There’s nothing quite like taking a road to the end of the world. When that path takes you through a history of landscapes ripe with the romanticism of escape into the exotic, it’s all the better.
We’re talking about the Florida Keys. With rich, sultry names dotting the route—such as Key Largo, Islamorada, Theater of the Sea, and Key West—this string of islands speaks to sun-loving adventurers.
The area is famously lorded over by the spiritual presence of one Ernest Hemingway, who called Key West home. As a motorcycle destination, the Florida Keys present a unique, colorful, and highly memorable riding experience.
Navigation in new, unfamiliar places can sometimes be the bane of travel. The Keys are easy—there’s only one road.
Head south out of Miami and pick up US 1. Then it’s 98 miles of smoothly paved white road which will take you over 42 bridges (including the famous Seven-mile bridge, Florida’s longest) and across the 44 islands that make up the Keys, terminating at Key West, the southernmost point in the continental U.S.
Traversing this modern marvel of engineering, the slightly elevated highway takes you out over the water, far into the southern reaches of this line of islands, at times suspending you and your bike above the water with seemingly nothing around you. You’ll appreciate the unobstructed view from the seat of a motorcycle, placing you in an open-air spectator seat to the stunning scenery.
Need it be said? Top off your fuel tank before starting the trek.
Ride until you reach the end of the road, literally. US 1 South ends at Key West, the famous subtropical paradise sitting just 18 feet above sea level, rich with a colorful tapestry of quaint streets and charming homes, casual bars, good restaurants and essential tourist sites, such as the Hemingway House & Museum.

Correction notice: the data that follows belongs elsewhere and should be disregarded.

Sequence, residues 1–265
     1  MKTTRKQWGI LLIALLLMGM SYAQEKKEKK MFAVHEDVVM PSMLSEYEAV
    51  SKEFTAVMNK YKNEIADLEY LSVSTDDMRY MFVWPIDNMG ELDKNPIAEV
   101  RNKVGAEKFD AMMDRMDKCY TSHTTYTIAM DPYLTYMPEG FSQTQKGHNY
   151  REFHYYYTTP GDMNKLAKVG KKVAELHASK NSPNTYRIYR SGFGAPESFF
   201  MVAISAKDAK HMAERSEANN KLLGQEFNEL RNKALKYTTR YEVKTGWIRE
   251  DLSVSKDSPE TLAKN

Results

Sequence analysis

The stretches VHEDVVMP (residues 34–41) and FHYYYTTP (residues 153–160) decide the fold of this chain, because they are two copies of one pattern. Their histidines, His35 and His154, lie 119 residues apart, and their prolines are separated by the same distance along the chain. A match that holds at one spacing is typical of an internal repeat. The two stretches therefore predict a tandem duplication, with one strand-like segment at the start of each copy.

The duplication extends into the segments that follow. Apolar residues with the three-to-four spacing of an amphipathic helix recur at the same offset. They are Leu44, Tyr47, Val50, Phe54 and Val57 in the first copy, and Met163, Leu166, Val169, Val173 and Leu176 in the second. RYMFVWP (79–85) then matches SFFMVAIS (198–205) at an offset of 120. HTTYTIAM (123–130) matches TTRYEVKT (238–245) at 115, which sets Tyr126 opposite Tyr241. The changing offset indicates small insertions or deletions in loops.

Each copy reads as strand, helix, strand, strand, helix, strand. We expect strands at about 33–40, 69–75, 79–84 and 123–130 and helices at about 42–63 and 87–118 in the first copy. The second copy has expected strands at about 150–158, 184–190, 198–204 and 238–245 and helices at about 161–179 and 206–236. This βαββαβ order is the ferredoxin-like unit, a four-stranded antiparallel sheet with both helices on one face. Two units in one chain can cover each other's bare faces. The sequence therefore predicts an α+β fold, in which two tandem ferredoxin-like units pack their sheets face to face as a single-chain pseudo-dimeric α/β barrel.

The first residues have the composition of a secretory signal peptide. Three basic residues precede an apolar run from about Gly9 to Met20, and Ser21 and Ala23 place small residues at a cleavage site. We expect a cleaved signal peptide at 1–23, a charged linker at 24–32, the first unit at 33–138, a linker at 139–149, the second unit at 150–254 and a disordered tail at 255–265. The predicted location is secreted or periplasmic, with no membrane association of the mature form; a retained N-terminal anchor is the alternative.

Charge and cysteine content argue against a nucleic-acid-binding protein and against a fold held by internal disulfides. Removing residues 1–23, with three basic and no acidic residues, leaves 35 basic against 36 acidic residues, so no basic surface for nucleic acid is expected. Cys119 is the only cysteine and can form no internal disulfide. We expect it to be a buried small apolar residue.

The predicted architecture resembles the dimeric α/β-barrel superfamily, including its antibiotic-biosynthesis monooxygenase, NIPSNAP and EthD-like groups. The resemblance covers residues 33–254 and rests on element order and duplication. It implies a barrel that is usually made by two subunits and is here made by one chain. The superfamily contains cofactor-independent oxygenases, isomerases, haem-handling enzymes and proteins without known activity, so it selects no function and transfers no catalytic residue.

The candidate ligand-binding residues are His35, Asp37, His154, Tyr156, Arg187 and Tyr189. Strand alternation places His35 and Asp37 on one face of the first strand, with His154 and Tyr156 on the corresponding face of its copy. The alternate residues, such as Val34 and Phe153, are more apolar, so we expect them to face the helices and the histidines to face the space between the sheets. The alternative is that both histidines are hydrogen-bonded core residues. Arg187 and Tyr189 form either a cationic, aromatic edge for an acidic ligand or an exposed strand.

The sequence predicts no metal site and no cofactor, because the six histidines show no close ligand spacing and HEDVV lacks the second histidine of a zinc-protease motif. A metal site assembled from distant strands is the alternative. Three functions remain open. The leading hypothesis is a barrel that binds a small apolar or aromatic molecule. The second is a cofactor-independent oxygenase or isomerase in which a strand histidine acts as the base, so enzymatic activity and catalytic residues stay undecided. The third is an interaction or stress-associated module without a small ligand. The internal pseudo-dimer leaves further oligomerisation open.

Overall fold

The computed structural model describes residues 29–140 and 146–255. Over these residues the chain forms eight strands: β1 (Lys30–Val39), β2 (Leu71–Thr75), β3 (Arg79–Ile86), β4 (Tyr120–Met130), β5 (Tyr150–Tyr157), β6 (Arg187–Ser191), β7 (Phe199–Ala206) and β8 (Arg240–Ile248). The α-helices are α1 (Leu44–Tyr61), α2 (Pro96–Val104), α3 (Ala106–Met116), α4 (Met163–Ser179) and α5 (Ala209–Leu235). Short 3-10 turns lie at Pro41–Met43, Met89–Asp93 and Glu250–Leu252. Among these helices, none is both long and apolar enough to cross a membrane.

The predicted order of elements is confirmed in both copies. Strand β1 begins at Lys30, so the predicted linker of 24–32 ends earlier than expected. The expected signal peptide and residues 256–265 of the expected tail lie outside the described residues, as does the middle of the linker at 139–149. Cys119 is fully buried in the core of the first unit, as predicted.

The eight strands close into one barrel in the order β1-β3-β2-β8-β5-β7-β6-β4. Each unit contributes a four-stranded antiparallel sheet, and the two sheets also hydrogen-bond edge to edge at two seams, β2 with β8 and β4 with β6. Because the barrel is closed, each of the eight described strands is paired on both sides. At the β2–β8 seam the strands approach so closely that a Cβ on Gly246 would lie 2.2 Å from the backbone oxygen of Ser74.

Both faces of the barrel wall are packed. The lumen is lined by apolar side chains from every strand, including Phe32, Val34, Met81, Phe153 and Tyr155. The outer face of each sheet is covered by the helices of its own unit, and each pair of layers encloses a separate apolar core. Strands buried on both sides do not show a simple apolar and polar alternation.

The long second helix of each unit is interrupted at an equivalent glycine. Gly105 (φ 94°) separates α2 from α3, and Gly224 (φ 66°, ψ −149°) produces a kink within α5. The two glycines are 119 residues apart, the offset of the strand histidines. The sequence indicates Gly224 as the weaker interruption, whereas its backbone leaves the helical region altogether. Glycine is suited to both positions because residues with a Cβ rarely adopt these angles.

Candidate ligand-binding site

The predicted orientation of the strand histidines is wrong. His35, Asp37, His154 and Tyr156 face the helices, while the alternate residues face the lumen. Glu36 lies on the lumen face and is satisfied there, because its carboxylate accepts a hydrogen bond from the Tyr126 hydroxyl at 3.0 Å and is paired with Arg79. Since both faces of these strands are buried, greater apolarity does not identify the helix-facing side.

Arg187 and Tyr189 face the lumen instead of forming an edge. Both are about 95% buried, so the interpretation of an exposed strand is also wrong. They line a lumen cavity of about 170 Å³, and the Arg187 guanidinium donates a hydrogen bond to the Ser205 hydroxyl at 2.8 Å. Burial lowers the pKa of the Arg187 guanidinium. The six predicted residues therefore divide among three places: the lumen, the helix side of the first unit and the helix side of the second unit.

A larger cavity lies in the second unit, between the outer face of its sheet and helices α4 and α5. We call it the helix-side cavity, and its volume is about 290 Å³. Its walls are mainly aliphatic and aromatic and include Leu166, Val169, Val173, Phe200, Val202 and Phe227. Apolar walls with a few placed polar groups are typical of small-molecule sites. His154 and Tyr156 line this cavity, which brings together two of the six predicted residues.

Writers, artists, and dropouts from society (in the best definition) have long been attracted to the warm weather, which brings a welcome atmosphere of laziness to the area. Just four square miles, Key West may be part of the U.S. but is a completely different world. A tourist haven, its remoteness tends to attract a different kind of traveler.
Once parked at the end of the road, you can stroll sandy beaches, go snorkeling, or take part in any number of water activities. Visit the many bars, windows open to the warmth, or enjoy a meal in a region famous for its seafood.
The Keys are a place where you don’t need to worry about being judged. You could wait in the long line to have your picture taken at the buoy marking America’s southernmost point (just 90 nautical miles from Cuba) and hit plenty of shops filled with knickknacks and the usual tacky tourist stuff.
Or, do what Florida and the Keys are famous for—relax in the warmth. Beachcombing and finding shaded spots to stretch out are a popular pastime here.
Facts & Information
Aside from the main road skirting the Keys, US 1, there are no alternate roads once you leave the mainland and head out over the water. That said, the route delivers unprecedented, 360-degree views from the seat of a motorcycle, with the clear turquoise water of the Keys keeping you company on all sides for the entire ride. At the end of the line, take the loop ride around this tiny southernmost town.
Recommended Lodging: Kimpton Winslow’s Bungalows
For a special overnight stay at this far south point, consider Kimpton Winslow’s Bungalows. Proudly boasting itself a “lush garden retreat with playful amenities,” the hotel is located roughly half a mile from the famous southern buoy. Situated amidst walking distance of the lively streets of old town, the Winslow Bungalows means being able to have a drink over dinner and not having to worry about impaired riding.
Also, there’s Banana Bay Resort. The name alone begs discovery. Relaxation is the theme here. Wake up to views of the Gulf Coast, lounge at the pool, or walk the sandy beaches.
Best Time to Travel
Famous for its four seasons of warmth, the Keys do also get their share of powerful storms and plenty of wet weather. It’s all part of the mystique. Keep a keen eye on weather, which can change rapidly—such is the character and nature of the Atlantic, especially in this subtropical zone. Hurricane season in the Caribbean, of which Key West is part of, runs from June to November. Afternoon showers are common. Temperatures vary from 65 to 89 degrees, rarely below 56 or over 91.